Netherlands ‘needs to step up preparations for autumn Covid outbreak’


The Netherlands is poorly prepared for a new surge in coronavirus infections in the autumn because of failures to put basic safety measures in place such as ventilation in schools, health experts have warned.

Opposition politicians have accused the government of dragging its feet on its pandemic strategy and not streamlining healthcare to deal with the extra burden of a new outbreak.

Attje Kuiken, who was health spokesman for the Labour party (PvdA) until she was elected leader last week, said health minister Ernst Kuipers had still not produced detailed plans to tackle the virus long-term. ‘We’ve been waiting since January for this,’ she told

Possible measures such as extending the Christmas school holidays need to be discussed well in advance, Kuiken warned, to avoid disruptive last-minute changes of plan.

‘Covid care isn’t rocket science,’ Armand Girbes, head of intensive care at Amsterdam’s UMC teaching hospital.’ It’s more efficient to concentrate healthcare rather than implement it in every hospital individually.

‘That way you can keep regular care accessible and you won’t need broader social measures so quickly.’

Girbes said it was likely that another 200-300 patients will end up in intensive care this autumn through a combination of coronavirus and flu. Hospital infrastructure needs to be upgraded to cope with the extra demand as Covid becomes a regular seasonal illness.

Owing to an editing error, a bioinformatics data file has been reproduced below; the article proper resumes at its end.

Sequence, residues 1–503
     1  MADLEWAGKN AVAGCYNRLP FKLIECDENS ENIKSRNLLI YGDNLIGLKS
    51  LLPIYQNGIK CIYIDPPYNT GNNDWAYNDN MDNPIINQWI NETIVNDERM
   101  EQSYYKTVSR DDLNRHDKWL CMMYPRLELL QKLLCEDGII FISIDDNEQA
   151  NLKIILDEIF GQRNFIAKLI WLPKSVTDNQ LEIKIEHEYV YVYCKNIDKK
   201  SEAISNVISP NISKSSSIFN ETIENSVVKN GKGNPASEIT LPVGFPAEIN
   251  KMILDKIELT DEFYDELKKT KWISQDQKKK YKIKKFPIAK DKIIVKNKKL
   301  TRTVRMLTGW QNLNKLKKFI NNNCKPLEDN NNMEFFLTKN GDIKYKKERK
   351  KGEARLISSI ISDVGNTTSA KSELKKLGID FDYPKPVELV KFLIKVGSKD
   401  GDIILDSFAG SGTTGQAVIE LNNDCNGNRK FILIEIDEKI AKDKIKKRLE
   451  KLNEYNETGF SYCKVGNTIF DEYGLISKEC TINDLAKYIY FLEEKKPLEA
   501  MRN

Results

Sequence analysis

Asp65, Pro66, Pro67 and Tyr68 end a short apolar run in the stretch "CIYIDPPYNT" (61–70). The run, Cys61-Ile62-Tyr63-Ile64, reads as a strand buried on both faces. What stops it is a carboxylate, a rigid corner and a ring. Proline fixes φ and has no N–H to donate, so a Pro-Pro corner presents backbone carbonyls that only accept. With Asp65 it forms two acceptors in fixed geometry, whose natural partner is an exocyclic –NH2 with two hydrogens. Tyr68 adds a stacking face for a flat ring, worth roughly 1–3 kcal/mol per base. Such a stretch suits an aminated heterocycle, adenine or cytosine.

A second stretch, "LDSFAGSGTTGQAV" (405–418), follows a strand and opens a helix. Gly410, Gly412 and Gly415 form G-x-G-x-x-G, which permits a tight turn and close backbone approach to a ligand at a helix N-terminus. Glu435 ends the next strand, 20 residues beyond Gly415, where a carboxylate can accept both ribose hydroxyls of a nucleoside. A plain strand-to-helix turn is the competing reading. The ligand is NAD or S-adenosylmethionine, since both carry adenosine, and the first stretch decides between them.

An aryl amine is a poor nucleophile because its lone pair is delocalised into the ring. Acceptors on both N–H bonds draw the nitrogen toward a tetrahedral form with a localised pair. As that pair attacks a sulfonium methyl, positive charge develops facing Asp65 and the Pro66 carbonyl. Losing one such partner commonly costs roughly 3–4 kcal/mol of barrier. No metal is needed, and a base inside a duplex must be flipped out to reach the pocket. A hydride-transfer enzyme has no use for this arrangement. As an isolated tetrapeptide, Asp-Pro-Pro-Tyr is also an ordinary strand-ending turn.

Healthcare economist Xander Koolman said basic measures such as better ventilation in schools were running aground because of disputes over funding.

‘Schools say: we’re not getting enough money, while politicians say: it’s up to the schools. And so a low-cost intervention is left behind. If events go against us we’ll have another lockdown in the autumn.’

Virologist Menno de Jong, a member of the government’s outbreak management team during the pandemic, said a new variant of coronavirus could change the picture again, though it was unlikely that it would be more severe than the currently dominant Omicron variant.

‘With Omicron coronavirus is well on the way to becoming the kind of runny nose virus that we see with other coronaviruses,’ he said. ‘But a variant that is less affected by our existing immunity could cause big problems again, especially for vulnerable people, even if they’ve been vaccinated.’

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